PROVIDENCE, R.I. (AP) — A tax on cars is so widely despised in Rhode Island that a powerful politician’s promise to eliminate it has overshadowed all the other budget priorities state leaders are debating this year.
In Providence, where the annual motor vehicle excise tax is highest — $60 for every $1,000 of a car’s assessed value — repeal can’t come soon enough for residents trying to make ends meet.
“It hurts,” said Geoffrey Moran, after making a quarterly payment at Providence City Hall last week. He said he pays nearly $600 a year on his 2008 Dodge Avenger, but knows others who pay less for cars that are in better shape.
Complaints about the fairness of the tax, which varies by municipality, have fueled calls for reform. But Rhode Island’s cities and towns have become so dependent on the $220 million paid to them by car owners each year that any relief proposal would require a major redistribution of money from the state to municipal governments. The three biggest cities — Providence, Warwick and Cranston — account for 36 percent of the total car tax levy.
The biggest champion of eliminating the taxes, Democratic House Speaker Nicholas Mattiello, of Cranston, is intent on fulfilling a campaign promise to his constituents to completely phase out the taxes over the next five years, allowing the state to join 24 others without a car tax. He has publicly sparred with Democratic Gov. Gina Raimondo, who has proposed a 30 percent cut but questions whether a full repeal is fiscally sustainable.
“Now that Rhode Island has started to regain its economic footing, we must have the political courage to eliminate the car tax once and for all,” Mattiello wrote in a March 26 opinion column for the Providence Journal.
The newspaper also published a counter-argument from Richard Saslaw, the Democratic minority leader of the Virginia Senate, warning Rhode Island of the “serious takeaways” learned when Virginia attempted car tax relief in the 1990s.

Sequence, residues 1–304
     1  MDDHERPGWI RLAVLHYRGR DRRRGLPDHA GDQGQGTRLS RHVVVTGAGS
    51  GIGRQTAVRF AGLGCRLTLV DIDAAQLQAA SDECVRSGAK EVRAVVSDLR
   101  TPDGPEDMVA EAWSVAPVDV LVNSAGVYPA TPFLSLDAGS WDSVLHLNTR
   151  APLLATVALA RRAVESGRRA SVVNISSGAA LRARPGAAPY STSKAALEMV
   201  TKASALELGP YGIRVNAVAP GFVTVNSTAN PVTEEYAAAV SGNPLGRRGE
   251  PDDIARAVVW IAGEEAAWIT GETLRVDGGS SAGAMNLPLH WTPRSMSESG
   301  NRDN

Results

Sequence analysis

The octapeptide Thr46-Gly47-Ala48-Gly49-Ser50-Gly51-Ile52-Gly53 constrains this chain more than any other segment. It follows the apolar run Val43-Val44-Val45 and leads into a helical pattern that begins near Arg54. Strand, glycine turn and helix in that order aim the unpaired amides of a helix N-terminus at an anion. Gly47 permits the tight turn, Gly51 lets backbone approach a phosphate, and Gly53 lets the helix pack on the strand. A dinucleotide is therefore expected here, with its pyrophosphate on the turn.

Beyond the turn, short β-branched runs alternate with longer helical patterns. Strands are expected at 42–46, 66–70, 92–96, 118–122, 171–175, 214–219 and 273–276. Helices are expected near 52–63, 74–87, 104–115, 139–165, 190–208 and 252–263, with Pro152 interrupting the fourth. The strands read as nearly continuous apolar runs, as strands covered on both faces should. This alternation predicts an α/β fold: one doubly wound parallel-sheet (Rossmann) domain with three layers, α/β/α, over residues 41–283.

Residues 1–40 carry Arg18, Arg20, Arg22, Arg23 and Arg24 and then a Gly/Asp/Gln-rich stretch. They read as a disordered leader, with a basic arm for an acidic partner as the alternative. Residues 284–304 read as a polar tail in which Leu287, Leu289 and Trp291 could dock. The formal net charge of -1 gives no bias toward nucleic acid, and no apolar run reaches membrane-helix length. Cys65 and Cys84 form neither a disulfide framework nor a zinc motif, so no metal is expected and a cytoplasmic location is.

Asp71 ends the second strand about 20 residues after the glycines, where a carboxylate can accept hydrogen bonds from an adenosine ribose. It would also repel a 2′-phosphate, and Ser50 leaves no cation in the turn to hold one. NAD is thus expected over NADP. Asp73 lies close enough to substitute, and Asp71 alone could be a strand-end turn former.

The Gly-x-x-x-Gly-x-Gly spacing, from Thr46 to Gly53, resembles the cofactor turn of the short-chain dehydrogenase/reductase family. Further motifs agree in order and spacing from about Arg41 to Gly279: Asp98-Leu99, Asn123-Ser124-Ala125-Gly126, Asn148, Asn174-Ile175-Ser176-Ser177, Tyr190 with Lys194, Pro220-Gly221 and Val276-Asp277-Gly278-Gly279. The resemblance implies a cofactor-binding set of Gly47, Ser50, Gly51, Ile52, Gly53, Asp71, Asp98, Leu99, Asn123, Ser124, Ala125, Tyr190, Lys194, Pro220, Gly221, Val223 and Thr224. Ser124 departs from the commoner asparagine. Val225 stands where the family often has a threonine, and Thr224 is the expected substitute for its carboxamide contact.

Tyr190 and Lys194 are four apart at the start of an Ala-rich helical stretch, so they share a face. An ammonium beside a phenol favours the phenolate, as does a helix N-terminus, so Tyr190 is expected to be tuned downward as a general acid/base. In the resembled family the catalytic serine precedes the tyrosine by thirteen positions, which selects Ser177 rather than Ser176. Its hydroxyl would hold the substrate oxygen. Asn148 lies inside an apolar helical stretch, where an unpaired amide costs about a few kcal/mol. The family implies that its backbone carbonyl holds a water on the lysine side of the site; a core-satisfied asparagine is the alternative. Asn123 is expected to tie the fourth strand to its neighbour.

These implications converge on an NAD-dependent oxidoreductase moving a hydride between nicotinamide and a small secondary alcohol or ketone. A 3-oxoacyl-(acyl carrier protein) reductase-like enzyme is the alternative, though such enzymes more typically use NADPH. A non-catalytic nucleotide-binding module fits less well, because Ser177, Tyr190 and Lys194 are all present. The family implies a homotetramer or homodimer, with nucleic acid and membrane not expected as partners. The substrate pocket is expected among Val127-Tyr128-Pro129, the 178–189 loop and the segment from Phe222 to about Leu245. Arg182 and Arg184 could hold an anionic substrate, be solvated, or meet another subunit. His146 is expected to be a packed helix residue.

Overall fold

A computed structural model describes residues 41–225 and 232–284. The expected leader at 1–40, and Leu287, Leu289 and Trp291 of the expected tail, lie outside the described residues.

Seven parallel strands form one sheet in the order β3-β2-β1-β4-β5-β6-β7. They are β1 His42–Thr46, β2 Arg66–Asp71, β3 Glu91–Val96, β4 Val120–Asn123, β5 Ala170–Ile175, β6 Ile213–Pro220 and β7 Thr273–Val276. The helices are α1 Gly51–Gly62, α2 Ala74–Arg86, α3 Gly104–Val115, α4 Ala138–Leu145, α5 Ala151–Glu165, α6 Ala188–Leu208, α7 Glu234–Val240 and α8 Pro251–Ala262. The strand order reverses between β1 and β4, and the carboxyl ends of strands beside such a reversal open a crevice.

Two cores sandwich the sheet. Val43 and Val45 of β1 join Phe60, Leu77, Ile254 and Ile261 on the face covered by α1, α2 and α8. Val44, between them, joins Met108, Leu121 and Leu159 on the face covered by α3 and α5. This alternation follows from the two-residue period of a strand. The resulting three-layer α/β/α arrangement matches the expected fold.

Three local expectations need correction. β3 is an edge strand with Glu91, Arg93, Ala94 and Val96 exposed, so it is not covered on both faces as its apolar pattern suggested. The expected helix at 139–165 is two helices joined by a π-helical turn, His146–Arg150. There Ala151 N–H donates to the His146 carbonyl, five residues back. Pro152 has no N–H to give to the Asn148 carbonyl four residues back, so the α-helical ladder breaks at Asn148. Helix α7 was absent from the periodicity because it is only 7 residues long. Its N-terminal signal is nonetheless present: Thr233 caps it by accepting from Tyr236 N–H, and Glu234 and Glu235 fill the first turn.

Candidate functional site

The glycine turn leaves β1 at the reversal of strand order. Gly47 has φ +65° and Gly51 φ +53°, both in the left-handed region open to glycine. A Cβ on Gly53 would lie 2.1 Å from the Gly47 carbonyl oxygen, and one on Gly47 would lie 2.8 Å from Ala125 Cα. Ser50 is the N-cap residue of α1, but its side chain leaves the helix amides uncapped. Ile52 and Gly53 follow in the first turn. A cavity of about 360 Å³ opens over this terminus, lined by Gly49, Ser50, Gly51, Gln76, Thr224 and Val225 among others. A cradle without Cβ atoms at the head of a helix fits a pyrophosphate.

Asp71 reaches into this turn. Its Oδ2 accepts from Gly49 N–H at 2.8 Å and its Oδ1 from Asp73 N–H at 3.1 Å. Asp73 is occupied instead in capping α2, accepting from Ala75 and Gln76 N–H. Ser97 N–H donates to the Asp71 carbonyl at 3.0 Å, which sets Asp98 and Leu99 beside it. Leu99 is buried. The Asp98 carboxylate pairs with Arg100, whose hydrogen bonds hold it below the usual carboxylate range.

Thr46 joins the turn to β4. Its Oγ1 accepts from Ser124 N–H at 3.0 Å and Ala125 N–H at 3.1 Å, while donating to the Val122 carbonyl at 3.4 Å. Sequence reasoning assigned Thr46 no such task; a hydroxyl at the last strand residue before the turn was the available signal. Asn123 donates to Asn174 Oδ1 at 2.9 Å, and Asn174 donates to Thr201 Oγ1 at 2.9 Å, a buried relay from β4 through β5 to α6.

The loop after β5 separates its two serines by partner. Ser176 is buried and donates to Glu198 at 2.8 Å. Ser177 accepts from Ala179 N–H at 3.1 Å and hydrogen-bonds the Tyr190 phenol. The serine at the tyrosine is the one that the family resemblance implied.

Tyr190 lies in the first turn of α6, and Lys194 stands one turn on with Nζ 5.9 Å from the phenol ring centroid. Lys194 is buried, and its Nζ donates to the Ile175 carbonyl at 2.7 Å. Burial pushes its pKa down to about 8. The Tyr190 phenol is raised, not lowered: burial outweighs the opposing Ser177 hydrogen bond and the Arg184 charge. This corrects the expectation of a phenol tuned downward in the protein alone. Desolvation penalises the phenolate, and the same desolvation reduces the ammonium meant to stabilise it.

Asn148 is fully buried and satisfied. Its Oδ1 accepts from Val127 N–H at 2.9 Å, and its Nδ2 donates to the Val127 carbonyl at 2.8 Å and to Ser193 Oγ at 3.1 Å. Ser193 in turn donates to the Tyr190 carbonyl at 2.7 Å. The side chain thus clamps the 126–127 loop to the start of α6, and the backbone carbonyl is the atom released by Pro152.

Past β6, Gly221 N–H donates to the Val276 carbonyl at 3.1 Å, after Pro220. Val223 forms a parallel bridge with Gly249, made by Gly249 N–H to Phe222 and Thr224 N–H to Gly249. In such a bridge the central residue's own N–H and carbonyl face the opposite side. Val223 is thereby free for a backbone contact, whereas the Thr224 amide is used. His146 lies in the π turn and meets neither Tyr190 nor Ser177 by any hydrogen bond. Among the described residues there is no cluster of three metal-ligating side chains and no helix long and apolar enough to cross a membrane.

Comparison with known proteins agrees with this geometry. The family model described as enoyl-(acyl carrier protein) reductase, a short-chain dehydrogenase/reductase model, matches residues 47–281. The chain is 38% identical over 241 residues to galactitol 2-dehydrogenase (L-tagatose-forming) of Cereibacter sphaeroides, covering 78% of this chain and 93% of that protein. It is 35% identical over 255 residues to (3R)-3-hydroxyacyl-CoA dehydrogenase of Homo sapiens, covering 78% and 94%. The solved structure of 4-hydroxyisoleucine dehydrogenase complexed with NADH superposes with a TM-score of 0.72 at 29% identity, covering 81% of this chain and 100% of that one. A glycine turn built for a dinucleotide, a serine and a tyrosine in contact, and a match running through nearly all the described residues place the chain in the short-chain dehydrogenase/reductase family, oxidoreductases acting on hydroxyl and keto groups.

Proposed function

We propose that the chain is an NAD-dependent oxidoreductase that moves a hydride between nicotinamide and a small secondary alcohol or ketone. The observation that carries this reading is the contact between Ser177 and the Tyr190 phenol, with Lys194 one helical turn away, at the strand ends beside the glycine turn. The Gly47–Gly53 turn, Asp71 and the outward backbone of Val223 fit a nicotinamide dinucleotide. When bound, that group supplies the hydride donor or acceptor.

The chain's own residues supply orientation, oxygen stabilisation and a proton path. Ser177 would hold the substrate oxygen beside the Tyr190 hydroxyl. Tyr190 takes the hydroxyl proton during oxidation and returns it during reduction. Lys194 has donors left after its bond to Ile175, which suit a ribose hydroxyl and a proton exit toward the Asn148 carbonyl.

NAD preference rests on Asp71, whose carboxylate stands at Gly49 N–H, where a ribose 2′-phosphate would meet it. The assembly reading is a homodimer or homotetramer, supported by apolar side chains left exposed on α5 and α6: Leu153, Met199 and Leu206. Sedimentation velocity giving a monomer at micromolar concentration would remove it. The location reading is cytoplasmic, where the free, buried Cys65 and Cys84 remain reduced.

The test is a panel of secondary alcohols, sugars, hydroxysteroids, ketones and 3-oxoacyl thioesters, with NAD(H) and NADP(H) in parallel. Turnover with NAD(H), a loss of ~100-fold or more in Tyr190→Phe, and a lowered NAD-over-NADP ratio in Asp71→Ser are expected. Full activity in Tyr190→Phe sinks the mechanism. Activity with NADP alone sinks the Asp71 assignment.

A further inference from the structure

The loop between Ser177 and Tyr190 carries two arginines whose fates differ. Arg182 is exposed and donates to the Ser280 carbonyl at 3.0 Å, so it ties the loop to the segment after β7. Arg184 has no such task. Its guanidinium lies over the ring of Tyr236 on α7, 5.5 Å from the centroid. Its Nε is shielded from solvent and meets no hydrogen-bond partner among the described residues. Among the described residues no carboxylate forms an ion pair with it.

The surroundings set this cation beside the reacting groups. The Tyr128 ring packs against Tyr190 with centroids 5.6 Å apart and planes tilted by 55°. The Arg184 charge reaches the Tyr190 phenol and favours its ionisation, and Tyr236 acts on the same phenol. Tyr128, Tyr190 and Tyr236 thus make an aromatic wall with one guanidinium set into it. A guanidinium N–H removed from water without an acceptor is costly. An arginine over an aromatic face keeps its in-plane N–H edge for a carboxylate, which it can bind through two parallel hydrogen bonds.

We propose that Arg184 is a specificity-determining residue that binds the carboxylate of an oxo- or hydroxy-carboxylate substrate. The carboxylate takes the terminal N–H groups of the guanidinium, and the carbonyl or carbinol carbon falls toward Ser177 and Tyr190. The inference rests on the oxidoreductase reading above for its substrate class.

Raimondo’s more modest plan would get to a 30 percent cut by changing the valuation method to better approximate the trade-in value of a car. It is modeled on similar reforms in neighboring Connecticut and Massachusetts.
A group representing Rhode Island’s 39 cities and towns hasn’t endorsed either of the rival plans by Mattiello or Raimondo, both of which promise to reimburse cities and towns for whatever revenue is lost. The city most dependent on the taxes is Pawtucket, which relies on car taxes for 14 percent of its revenue. At the other end is Newport, where car taxes account for only 2.9 percent because of higher exemptions and a lower rate.
“One of the things our membership is concerned about is the sustainability of car tax reform,” said Brian Daniels, executive director of the Rhode Island League of Cities and Towns.
Daniels said no one wants a repeat of what happened earlier this decade, when a 1998 repeal measure was unwound, about $130 million in state aid was pulled back and municipalities had to make up for it by re-taxing vehicles.
The car tax doesn’t have many ardent defenders, but some critics of a full repeal say it would endanger funding for schools, hospitals and other important programs. Other critics say it would subsidize driving and offer no relief to the carless.
“The people who would benefit the most are people with expensive cars,” said James Kennedy, a public transit advocate who runs the website Transport Providence. “Some of the poorest people don’t have cars at all, so you’re basically excluding that demographic.”
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